As War Begins in Libya, China Must Decide Where to Stand
As America embarks on its war in Libya, the globe remains locked in furious argument over whether intervention is in fact merited in the divided nation. Though the U.S.-led coalition — which includes NATO allies Britain, Italy, and France — has publicly announced their intention of ousting Libyan dictator Muammar Gaddafi, commentators have criticized the military decision, seen merely as an excuse to silence a vocal anti-Western dictatorship with little regard for the lives of civilians and rebel fighters. Doug Bandow of The Cato Institute writes,
[G]etting involved in someone else’s civil war is a curious way to promote stability. A simple no fly zone, especially at this stage, wouldn’t likely alter the balance of power on the ground. Hence the more expansive resolution and French action against Libyan ground forces. But this means the allies are taking sides in a civil war, not protecting civilians. The ultimate objective is to take Tripoli, not safeguard Benghazi.
Among those which abstained from voting on a no fly-zone are the BRIC nations. China, using the mouthpiece of The People’s Daily, accused the U.S. of “breaking international rules and courting new turmoil in the Middle East,” comparing the intervention in Libya to the 2003 Iraq invasion. “The blood-soaked tempests that Iraq has undergone for eight years and the unspeakable suffering of its people are a mirror and a warning,” noted the paper.
On the record, China did not veto the resolution outright because of regional support. It’s important to note, however, that Beijing has not exactly been on the receiving end of Libya’s hospitality as of late. In 2006, the disgraced Chen Shui-bian, formerly president of Taiwan, was received in Libya by members of Gaddafi’s family in a high-profile visit which implied Taiwan’s sovereignty. In 2009, China’s state-owned oil and gas producer CNPC was blocked from acquiring Verenex, an oil company with assets in Libya. Most recently, the violent unrest in Libya left 30,000 Chinese nationals caught in the crossfire. According to the Financial Times, CNPC and other firms reported that their facilities had been attacked. What ensued was an massive evacuation that likely left Beijing’s coffers less plentiful than before.
Still, China’s has enjoyed a fruitful relationship with Libya, including $6.6 billion in bilateral trade and a 2009 railway agreement which would lay tracks between Tripoli and Sirte for $1.7 billion. Residual anti-Western, anti-imperialist sentiment appears to tilt the balance in Libya’s favor. The following conversation that the folks over at ChinaGeeks have translated, originally posted by journalist Zhang Wen, illustrates this perspective quite — and fairly, might I add:
Me: Uncle, Gaddafi was using planes to kill the common people who opposed him, he killed a lot of people!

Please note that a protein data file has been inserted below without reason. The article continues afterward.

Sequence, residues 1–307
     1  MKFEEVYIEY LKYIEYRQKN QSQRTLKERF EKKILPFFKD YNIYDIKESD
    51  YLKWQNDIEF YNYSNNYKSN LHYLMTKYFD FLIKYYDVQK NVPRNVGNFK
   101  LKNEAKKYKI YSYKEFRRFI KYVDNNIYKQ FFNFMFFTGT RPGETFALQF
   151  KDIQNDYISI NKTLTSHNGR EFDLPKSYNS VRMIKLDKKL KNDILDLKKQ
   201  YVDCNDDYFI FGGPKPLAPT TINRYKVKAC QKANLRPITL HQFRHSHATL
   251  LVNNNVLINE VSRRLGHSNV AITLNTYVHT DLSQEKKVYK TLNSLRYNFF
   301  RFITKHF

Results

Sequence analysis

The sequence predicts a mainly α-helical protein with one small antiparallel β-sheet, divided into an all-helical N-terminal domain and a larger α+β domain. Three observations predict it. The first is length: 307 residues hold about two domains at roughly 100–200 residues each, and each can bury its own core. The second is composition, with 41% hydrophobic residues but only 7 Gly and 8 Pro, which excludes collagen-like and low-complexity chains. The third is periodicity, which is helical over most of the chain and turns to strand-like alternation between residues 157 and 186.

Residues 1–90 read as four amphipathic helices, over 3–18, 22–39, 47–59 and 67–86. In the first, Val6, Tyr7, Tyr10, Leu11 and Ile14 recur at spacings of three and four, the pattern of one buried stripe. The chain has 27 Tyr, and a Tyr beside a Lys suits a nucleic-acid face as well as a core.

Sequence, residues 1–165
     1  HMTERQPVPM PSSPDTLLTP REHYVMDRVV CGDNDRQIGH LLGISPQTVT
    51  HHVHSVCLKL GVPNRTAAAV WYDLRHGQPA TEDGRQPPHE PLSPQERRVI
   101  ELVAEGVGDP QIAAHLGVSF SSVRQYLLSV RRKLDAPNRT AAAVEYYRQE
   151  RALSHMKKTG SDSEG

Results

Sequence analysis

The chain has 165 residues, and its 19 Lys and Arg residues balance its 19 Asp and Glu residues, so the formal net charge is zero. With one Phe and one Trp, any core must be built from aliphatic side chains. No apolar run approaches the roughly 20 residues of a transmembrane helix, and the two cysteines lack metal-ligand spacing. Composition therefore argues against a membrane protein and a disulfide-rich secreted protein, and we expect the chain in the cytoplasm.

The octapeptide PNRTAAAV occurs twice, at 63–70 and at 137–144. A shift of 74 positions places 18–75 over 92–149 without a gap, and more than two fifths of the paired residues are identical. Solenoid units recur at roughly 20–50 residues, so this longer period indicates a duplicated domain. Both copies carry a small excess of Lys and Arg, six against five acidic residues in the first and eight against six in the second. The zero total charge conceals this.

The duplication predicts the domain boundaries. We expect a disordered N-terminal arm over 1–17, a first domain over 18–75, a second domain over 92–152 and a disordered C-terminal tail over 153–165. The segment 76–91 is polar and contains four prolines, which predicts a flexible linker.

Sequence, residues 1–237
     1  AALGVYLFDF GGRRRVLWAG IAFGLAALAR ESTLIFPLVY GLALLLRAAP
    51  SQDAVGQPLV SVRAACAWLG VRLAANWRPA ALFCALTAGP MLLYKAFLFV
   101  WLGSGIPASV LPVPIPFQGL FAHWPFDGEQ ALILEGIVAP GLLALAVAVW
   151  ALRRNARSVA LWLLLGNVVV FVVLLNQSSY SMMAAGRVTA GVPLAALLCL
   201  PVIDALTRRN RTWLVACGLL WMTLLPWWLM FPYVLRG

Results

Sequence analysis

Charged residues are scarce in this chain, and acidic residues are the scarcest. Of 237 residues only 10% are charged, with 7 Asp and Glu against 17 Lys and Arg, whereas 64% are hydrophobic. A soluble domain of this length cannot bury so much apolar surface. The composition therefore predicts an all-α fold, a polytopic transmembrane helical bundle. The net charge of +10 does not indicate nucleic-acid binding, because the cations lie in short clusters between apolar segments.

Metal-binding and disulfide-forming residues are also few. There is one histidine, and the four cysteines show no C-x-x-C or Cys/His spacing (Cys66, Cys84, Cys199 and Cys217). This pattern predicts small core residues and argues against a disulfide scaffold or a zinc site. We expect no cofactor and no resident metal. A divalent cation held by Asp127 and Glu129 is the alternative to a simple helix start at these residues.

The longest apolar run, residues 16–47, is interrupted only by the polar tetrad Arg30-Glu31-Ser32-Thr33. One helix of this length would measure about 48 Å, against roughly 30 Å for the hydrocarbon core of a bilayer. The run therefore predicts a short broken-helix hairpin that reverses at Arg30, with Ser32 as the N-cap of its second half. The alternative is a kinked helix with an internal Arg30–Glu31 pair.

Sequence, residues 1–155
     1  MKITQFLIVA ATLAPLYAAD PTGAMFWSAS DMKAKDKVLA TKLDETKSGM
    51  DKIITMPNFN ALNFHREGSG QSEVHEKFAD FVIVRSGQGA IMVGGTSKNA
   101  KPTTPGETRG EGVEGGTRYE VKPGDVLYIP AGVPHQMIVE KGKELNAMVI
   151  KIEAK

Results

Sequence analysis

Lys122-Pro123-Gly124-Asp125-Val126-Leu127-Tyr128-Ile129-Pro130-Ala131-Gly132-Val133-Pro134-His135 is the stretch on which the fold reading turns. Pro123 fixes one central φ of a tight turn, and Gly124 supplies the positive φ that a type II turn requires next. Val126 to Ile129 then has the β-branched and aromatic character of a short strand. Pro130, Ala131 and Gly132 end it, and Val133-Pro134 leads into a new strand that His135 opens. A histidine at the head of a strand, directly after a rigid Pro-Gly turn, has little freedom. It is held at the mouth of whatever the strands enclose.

Uncle: That’s Gaddafi’s personal business, what right do foreigners have to interfere? Our foreign ministry spokesperson, Yu-whatever-her-name-is, said that Libya’s affairs should be decided by the Libyan people.
Me: This isn’t a private matter. If the ruler of a country is massacring his own people, international society needs to step in. The U.N. has already passed two resolutions on this.
Uncle: Then why aren’t other countries sending troops? It’s just the Yanks, Frenchies, and Brits, it’s like the Eight Nation Alliance all over again … shut up about human rights and sovereignty, and don’t bring up democracy either. Let me ask you, why is no one paying any attention to Bahrain? The Yanks haven’t sent troops, but aren’t there many common people being killed there as well?
(Note: I have altered the translation, replacing “American … French … British devils” with what I believe are less aggressive — and more correct — terms.)
Hypocrisy is abound, certainly, but China’s government has not rised above the fray. According to Ministry of Tofu, left-leaning bloggers accused CCTV Channel 4 of presenting an image of Libyans holding up a flag that read “Vive le France” (“Long live France”) with a voiceover that suggested “this is Libyan outcry against coalition forces’ bombing of the city.”
This time, however, protestors have held up a slogan which Chinese viewers can read for themselves (pictured at top of post). In simplified Chinese, the flag plainly reads: “Muammar Gaddafi is a liar.” One Sina microblogger proclaimed,
Today the Libyan people are worried, and directly use Chinese to write their slogan. Let’s see you lie now! You make life difficult for the Libyan people, who are already busy with the chaos in their country, and now have to learn Chinese.
Discuss: Is the military intervention of Libya justified? What do you think China’s motivations in criticizing the war are?
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TAGS: BRIC • Chen Shui-bian • Chinese media • CNPC • Libya • Middle East • Muammar Gaddafi • NATO • protest • War • Zhang Wen
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